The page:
DeSantis plans to call a special legislative session on vaccine mandates

House Speaker Chris Sprowls said he did not know details of the governor’s plans.
Published Oct. 21, 2021|Updated Oct. 21, 2021

TALLAHASSEE — Florida’s governor has declared war on mandatory COVID-19 vaccination.

At a news conference in Clearwater, Gov. Ron DeSantis laid out a litany of legislative policy priorities that would undermine federal requirements that workers be vaccinated against the coronavirus.

Among the laws DeSantis wants to see passed:

  • A proposal making businesses liable for any medical harm that results from a mandatory vaccination
  • An addendum to the 2021 law protecting businesses from coronavirus-related liability undoing those protections if businesses mandate vaccination for their employees
  • A measure allowing parents to collect attorney’s fees if they win a lawsuit against a school district for enacting illegal coronavirus restrictions
  • A law making it clear that it’s illegal for governments to mandate the vaccine for government employees

DeSantis said he’s planning to call a special session in November so the Republican-controlled Legislature can consider these and other measures that he said would protect employees from an overreaching government.

“Quite frankly, this would have been something we would have done last legislative session,” DeSantis said. “If I honestly thought this would be something that would get this far, we would have made it a big priority.”

The regularly scheduled legislative session starts Jan. 11.

The governor’s Thursday announcement was not a formal list of policy proposals. Instead, surrounded by supporters, including Surgeon General Joseph Ladapo and Attorney General Ashley Moody, DeSantis rattled off ideas for new laws. It’s unclear how they’ll fare in the Legislature, but the state’s Republican leadership has rarely strayed far from the governor’s policy agenda in the past.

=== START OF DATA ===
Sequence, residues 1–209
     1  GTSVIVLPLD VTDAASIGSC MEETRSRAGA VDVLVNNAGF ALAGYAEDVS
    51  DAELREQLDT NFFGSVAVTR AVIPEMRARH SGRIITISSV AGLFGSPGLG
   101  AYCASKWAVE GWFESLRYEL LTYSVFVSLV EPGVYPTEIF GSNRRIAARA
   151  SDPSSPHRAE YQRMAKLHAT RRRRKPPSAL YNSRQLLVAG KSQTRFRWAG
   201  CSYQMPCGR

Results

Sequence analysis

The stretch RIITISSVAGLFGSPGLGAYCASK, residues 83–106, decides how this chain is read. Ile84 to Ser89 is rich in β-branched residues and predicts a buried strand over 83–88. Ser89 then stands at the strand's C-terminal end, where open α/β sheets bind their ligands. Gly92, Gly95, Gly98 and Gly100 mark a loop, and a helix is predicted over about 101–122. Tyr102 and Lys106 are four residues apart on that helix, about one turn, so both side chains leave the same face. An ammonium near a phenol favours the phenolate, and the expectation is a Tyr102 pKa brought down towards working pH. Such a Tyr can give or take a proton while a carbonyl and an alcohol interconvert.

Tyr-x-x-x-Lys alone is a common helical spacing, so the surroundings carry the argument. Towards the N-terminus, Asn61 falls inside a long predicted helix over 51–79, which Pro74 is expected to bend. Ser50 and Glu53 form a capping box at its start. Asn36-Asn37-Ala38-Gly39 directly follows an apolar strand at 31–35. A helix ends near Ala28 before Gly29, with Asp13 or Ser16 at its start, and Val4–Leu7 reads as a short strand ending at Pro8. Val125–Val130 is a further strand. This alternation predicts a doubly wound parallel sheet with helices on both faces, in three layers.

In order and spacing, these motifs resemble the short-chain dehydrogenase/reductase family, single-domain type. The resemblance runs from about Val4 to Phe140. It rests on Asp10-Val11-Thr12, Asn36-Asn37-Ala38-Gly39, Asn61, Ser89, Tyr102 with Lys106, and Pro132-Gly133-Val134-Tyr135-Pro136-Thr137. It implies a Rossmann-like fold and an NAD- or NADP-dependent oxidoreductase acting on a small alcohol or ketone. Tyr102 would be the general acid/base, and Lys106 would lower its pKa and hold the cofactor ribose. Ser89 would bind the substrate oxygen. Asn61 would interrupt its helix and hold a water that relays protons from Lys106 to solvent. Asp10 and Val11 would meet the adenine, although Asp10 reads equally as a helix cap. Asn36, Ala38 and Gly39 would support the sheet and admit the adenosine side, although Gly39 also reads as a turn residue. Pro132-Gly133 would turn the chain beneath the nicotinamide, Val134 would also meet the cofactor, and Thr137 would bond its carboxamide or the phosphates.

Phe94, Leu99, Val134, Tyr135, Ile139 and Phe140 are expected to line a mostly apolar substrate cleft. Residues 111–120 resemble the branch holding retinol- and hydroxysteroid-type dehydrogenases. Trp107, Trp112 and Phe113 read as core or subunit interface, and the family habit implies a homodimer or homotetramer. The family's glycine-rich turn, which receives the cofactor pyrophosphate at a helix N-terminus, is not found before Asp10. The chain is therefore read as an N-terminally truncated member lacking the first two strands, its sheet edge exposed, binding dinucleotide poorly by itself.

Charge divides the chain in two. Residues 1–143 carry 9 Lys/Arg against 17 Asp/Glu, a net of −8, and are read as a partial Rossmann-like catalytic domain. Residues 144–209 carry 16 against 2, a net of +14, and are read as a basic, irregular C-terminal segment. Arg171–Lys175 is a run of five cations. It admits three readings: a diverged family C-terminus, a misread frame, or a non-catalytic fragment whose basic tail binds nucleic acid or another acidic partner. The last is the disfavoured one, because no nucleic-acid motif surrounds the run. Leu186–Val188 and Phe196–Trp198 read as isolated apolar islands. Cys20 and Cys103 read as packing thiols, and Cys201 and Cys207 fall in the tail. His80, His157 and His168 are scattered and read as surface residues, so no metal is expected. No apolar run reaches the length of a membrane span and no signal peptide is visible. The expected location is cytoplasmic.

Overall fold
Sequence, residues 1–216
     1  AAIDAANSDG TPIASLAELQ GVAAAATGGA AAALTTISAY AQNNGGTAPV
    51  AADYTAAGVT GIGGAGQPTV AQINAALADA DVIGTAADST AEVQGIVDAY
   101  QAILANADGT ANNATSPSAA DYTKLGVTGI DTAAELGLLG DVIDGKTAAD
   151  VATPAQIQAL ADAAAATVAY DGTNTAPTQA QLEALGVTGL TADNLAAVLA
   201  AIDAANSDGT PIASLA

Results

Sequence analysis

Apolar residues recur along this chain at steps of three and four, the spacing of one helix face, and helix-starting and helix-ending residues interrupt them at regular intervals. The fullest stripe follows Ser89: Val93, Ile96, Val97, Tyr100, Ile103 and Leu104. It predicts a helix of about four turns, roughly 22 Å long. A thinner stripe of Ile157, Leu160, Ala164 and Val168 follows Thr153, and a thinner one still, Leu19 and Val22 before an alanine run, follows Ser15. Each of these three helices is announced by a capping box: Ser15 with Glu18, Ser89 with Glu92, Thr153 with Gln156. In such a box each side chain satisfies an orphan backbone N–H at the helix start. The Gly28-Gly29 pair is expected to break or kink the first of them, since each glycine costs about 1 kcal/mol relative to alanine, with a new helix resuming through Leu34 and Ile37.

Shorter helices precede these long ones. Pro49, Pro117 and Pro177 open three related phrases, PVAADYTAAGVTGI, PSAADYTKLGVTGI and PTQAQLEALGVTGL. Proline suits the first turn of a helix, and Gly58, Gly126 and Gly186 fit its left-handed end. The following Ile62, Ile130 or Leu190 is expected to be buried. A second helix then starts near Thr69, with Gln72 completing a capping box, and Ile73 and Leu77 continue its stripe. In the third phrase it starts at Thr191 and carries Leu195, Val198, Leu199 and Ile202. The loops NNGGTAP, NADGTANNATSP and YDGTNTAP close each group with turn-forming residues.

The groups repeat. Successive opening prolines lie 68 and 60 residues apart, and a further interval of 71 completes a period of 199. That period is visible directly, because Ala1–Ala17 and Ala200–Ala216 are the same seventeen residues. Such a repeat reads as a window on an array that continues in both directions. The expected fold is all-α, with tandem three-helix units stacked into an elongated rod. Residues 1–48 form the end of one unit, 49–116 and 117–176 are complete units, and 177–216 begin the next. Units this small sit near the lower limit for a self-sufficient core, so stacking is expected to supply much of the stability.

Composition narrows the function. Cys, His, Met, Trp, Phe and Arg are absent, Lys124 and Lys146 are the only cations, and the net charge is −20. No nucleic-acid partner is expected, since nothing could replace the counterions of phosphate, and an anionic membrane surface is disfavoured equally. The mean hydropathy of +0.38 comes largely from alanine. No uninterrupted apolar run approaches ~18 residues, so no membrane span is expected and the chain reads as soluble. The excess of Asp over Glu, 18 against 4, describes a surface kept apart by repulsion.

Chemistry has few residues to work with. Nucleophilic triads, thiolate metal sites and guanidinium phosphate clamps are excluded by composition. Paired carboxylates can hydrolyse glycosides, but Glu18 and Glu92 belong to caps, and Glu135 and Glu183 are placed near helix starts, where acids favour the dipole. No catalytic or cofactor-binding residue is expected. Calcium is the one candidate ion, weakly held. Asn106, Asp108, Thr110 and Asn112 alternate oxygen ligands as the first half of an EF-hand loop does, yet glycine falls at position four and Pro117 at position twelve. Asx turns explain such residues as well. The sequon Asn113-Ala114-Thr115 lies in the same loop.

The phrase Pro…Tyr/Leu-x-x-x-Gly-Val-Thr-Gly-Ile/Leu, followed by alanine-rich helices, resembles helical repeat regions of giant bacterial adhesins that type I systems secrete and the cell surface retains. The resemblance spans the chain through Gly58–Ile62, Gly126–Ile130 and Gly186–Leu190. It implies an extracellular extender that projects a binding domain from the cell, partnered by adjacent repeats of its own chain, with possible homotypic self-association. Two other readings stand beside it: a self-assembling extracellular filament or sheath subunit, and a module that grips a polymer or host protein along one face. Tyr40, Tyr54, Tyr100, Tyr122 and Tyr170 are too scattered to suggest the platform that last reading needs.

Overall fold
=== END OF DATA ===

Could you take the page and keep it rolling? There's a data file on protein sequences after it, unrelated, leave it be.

Before DeSantis’ news conference ended, House Speaker Chris Sprowls’ office sent a memo to members saying he did not have details on the governor’s call for a special session.

But later Thursday afternoon, Sprowls and Senate President Wilton Simpson, R-Trilby, issued a joint statement in which they offered support for a special session.

“In the coming days, we will review the governor’s specific proposals as well as discuss our own ideas for legislative action,” the statement said. “During the upcoming special session, our goal is to make our laws even more clear that Florida stands as refuge for families and businesses who want to live in freedom.”

Florida business leaders said they have yet to see the details of the governor’s proposals.

“We need articulated what exactly is the problem and then maybe there is legislation we can support,’’ said Mark Wilson, executive director of the Florida Chamber of Commerce.

A possible special session comes as President Joe Biden’s administration has announced it will impose a series of mandates in an effort to boost the vaccination rate of a country that has fallen behind its global peers. The Occupational Safety and Health Administration will create a rule requiring private companies that employ 100 or more people to either have their workers vaccinated or tested weekly. That rule has Sprowls and Simpson considering whether to withdraw Florida from the federal agency’s oversight and establish a state program, according to their statement.

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Federal contractors will be required to get a shot by Dec. 8 under a separate order. And employees at health care facilities that receive Medicaid or Medicare funding — there are thousands in Florida alone — will have to have their staff vaccinated under a rule from the Centers for Medicare and Medicaid Services.

DeSantis said Thursday he plans to back legal challenges to those mandates.